• Air pollution due to traffic congestion
• Destruction of nature due to littering and disregard
• Wildlife relocating due to increased noise levels
• Higher consumption of energy
• Plastic pollution in the ocean affecting sea life
How sustainable tourism is providing a solution ?
It’s not just local communities that live in tourist destinations that are feeling the negative effects of tourism. As tourists ourselves, many of us prefer to visit places that are clean, not too crowded, and safe. We also usually want to preserve local cultures, traditions, religions, and buildings.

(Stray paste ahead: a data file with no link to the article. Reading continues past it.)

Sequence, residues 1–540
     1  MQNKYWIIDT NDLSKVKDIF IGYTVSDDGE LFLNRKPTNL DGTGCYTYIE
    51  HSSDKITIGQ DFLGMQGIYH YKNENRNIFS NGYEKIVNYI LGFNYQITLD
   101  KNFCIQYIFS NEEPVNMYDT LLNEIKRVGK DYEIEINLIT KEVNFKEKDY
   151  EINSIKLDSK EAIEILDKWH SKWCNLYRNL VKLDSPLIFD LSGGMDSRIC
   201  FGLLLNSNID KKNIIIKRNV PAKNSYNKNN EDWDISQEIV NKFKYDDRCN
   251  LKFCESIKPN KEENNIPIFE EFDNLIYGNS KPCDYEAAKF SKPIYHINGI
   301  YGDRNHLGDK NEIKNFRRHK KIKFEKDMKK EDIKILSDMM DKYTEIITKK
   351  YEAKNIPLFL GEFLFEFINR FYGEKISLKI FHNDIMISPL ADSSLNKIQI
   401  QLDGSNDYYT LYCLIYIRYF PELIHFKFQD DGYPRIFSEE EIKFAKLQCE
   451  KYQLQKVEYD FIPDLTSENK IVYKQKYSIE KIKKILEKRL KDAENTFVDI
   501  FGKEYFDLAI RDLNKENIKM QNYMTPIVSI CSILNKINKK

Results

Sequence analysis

The World Tourism Organization and the United Nations Environment Program suggested twelve main goals for sustainable tourism in 2005. These will help to demonstrate the ways in which sustainable tourism can provide a solution to some of the global challenges facing the industry today:
1. Economic Viability: To make sure that tourism destinations and businesses are viable, competitive, and able to achieve long-term success.
2. Local Prosperity: To ensure that tourism activities help local communities thrive economically and retain a large amount of the economic contribution.
3. Employment Quality: To increase the number of local jobs created in the tourism industry and ensure that the pay and working conditions are fair, safe and offered to workers without discrimination.
4. Social Equity: To ensure that tourism increases the amount of economic and social benefits being distributed across local communities, improving all areas of life.